Aussie defamation case ruling to be felt in NZ

An Australian court ruling that overseas web publishers can be sued for defamation in Australia, will be felt here says an Auckland lawyer.

An Australian court ruling that overseas web publishers can be sued for defamation in Australia, will be felt here says an Auckland lawyer.

As reported yesterday in IDGNet, (US website may face defamation lawsuit in Australia),US business publisher Dow Jones is being sued for defamation by Australian mining magnate Joseph Gutnick over the internet version of an article entitled "Unholy Gains" in Dow Jones' Barron's magazine.

Gutnick sued Dow Jones in his home state of Victoria but Dow Jones argued the case should be heard in the US because that's where the report was published. Two Australian courts have disagreed and now its High Court has rejected Dow Jones's appeal, saying the defamation occurred in Gutnick's home state of Victoria.

Lawyer Rick Shera, also deputy chair of InternetNZ, says the use of Australian precedent in New Zealand law is common.

"Yes, we do follow Australian law where it's applicable so I would expect this to be cited in New Zealand cases."

He says if he wanted to push for a case to be heard in the New Zealand jurisdiction he would refer to it.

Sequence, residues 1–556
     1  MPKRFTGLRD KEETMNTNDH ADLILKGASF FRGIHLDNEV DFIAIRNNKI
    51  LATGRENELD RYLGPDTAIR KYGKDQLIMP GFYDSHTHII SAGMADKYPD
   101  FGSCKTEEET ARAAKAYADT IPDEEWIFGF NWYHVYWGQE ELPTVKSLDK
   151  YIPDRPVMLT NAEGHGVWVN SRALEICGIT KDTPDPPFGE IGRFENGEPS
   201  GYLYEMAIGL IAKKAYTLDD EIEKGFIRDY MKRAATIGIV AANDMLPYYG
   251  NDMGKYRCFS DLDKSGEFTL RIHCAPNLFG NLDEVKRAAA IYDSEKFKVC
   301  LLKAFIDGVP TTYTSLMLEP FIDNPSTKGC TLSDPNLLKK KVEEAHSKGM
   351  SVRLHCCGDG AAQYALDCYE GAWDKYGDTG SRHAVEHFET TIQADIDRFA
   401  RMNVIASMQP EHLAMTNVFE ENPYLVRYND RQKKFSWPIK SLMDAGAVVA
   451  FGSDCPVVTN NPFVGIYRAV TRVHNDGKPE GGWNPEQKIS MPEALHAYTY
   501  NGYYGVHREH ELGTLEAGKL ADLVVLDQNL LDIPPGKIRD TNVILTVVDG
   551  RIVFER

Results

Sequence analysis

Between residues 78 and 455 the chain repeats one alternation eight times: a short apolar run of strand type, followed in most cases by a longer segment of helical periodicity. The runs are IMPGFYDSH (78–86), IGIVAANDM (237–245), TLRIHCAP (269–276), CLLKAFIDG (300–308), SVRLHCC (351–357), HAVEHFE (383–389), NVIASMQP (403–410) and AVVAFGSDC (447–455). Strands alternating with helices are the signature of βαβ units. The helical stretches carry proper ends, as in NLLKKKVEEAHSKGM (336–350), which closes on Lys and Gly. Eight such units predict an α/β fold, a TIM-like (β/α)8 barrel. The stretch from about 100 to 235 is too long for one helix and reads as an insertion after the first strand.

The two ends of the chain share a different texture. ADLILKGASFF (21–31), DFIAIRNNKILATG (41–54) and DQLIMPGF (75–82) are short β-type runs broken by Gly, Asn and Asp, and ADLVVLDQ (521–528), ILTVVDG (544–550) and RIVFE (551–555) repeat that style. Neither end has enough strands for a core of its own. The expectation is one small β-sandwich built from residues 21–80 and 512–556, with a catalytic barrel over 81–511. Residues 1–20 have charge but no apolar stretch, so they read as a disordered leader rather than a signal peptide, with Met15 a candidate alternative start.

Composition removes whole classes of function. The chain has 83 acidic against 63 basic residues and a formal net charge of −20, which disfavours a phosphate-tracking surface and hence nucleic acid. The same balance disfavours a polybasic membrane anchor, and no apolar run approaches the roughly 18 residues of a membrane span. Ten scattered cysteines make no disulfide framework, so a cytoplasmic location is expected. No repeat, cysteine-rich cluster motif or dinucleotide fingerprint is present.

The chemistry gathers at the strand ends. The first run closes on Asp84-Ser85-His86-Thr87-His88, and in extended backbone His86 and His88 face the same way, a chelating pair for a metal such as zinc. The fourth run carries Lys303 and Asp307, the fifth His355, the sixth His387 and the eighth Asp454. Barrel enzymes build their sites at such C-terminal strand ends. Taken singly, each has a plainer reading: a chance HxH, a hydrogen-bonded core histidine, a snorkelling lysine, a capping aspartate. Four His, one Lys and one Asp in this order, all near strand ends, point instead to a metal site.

Auckland law firm AJ Park's IT specialist, partner Ken Moon, agrees that the case will be felt here in New Zealand and says his company has been warning clients about the potential for this kind of case for several years.

"Ever since internet legal problems first arose we've been saying to clients that this exposes you to the laws of all the countries in the world and you've got to be a hell of a lot more careful than you used to be."

Moon says the ruling makes sense - otherwise you could only sue local publishers for defamation in your own country.

"If they didn't decide the case that way there's no way anyone could ever sue for defamation if the website was in any other country than their own. You could go to America and say 'we've been defamed' and the court there would say 'what's been said that's meant you've lost your reputation in our state?' and of course that person would never have had a reputation to lose in that state."

Meanwhile Australian press coverage is focussing on the impact the ruling will have on publishers around the world and whether they will be forced to edit their work for the Australian market. The Australian, owned by News Corporation which is a shareholder in New Zealand publisher INL, says the ruling "would have particular impact on US internet publishers operating under laws guaranteeing free speech." (Gutnick decision spooks internet).

The publishing company has also called for a review of Australian defamation laws in light of the ruling.

Related story

BBC Online - Q&A: Australia website ruling

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